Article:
Dubai Police officials during a media briefing about the anti-begging campaign on Friday Image Credit: Aghaddir Ali/Gulf News

Dubai: Dubai Police have arrested a beggar with around Dh30,000 in cash, officials said on Friday.

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The beggar, an Asian woman carrying around a child, was found with different foreign currencies estimated to be worth more than Dh30,000. She collected the amount in one month of begging near mosques and in residential areas.

She was arrested two weeks ago. The woman had entered the country on a visit visa and has been referred to Dubai Public Prosecution. The incident is the most prominent case of begging so far this year, police officials said on Friday during a media briefing.

During the press conference at the headquarters of Dubai Police Image Credit: Supplied

Dubai Police warned the public not to be fooled by beggars who deploy various tricks to exploit their sympathy.

In another incident, police caught beggars with Dh70,000 and Dh60,000 cash on them. Some 1,700 beggars have been arrested over the past four years in Ramadan. 

Unusual cases

Dubai Police have observed unusual methods of begging, such as a European woman who works as a model in her country. Wearing an expensive dress, she visited a mall in Dubai carrying a board with the words “I want money, I want a rich husband”.

Another woman was spotted carrying a board that read: “Need money to open a clinic.” The two women were subsequently informed by police that such behaviour is not allowed, and the necessary measures were taken against them.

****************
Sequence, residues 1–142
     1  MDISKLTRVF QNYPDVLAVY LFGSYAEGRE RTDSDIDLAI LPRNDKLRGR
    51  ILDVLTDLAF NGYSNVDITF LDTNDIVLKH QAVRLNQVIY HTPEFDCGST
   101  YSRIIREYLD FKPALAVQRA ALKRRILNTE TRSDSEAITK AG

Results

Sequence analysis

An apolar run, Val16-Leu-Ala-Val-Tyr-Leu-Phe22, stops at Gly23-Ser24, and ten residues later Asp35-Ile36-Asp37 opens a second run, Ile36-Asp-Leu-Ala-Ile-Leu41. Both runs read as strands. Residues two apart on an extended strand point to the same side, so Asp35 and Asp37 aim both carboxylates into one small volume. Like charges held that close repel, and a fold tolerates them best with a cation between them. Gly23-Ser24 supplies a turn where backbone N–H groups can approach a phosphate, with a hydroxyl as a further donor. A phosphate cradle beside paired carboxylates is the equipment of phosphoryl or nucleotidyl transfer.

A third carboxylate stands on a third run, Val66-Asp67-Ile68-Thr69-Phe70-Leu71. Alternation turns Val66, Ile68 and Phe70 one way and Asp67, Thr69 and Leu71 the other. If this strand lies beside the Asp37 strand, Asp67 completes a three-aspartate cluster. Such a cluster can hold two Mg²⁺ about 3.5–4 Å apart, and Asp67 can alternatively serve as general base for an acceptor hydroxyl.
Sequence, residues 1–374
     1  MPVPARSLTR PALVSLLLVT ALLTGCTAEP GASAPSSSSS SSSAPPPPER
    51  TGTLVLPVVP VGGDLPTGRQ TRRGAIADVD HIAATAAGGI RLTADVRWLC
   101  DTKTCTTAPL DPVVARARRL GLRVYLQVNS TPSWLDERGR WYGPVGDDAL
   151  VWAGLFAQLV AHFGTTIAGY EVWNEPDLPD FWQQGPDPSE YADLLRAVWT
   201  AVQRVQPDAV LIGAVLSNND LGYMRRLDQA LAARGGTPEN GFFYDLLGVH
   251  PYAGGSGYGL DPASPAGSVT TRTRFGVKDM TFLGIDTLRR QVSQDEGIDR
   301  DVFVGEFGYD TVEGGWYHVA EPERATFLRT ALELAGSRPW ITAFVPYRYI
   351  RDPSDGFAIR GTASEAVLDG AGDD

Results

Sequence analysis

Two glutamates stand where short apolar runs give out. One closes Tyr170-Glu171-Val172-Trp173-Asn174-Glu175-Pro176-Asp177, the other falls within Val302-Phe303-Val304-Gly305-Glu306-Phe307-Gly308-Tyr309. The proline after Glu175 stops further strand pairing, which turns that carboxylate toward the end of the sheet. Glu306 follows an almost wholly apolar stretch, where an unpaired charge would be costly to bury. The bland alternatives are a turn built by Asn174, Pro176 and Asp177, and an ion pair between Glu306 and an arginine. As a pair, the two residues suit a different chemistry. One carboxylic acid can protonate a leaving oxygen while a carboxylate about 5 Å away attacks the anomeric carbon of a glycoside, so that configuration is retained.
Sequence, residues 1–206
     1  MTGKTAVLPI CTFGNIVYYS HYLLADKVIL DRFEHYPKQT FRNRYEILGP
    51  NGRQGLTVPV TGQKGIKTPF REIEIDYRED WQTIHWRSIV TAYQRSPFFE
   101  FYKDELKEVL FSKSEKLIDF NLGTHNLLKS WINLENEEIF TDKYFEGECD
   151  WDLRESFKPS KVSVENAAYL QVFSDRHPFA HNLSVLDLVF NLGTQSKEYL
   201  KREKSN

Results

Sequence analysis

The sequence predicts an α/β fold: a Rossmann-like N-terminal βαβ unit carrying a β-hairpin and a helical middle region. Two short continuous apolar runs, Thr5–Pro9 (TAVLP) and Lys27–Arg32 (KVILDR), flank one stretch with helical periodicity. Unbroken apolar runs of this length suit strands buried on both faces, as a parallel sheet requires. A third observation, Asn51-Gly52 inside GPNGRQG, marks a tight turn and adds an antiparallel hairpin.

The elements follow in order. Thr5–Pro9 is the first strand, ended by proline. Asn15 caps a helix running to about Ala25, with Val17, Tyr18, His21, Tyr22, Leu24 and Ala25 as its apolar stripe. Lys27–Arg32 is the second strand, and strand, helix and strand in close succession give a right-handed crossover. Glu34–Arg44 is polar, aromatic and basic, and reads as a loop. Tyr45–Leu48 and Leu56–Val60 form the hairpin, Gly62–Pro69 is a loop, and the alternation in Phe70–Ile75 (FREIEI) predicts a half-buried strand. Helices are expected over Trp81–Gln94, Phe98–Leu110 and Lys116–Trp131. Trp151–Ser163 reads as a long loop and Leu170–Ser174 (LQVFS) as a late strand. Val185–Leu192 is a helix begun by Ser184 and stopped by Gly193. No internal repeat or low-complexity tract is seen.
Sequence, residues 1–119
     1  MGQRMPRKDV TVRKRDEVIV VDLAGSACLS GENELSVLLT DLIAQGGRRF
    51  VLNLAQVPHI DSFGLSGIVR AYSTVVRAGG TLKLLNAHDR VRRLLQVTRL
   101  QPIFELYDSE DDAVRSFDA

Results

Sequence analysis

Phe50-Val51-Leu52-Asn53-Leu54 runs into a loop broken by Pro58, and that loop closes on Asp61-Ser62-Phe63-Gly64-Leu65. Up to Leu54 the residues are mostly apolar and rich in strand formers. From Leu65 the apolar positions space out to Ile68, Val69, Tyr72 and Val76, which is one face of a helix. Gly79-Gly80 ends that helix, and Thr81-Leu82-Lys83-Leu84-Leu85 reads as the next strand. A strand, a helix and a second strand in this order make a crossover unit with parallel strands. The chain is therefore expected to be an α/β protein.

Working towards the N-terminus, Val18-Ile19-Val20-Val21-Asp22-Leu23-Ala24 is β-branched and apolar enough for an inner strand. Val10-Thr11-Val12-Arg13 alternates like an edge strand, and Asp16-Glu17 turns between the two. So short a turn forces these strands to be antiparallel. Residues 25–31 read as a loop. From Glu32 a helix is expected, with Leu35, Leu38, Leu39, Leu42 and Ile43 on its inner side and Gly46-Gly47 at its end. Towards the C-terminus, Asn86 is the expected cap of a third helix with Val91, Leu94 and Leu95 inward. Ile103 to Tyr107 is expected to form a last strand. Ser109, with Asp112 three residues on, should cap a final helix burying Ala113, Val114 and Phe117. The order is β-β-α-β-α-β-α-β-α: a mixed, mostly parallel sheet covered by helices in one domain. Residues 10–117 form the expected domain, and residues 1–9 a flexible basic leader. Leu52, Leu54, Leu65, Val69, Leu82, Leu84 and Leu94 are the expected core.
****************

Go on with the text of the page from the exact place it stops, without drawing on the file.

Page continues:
The board used by the woman begging in a mall in Dubai
The board used by the woman Image Credit: Dubai Police

‘Easy money’

“Around 90 per cent of arrested beggars are visitors and they come during Ramadan for easy money as they know the UAE is a rich country and people here always want to help. We have a team of officers to crack down on beggars,” said Brigadier Dr Saeed Abdullah Al Qamzi, Assistant Director of the General Department of Investigations for Criminal Operations Affairs, during the press conference at Dubai Police headquarters.

The event was also attended by Brigadier Ali Salem Al Shamsi, Director of the Suspects and Criminal Phenomena Department, and Brigadier Nabil Al Redha, Director of the Emergency Department at the General Department of Security, in addition to senior police officers and a number of partners, officers and journalists.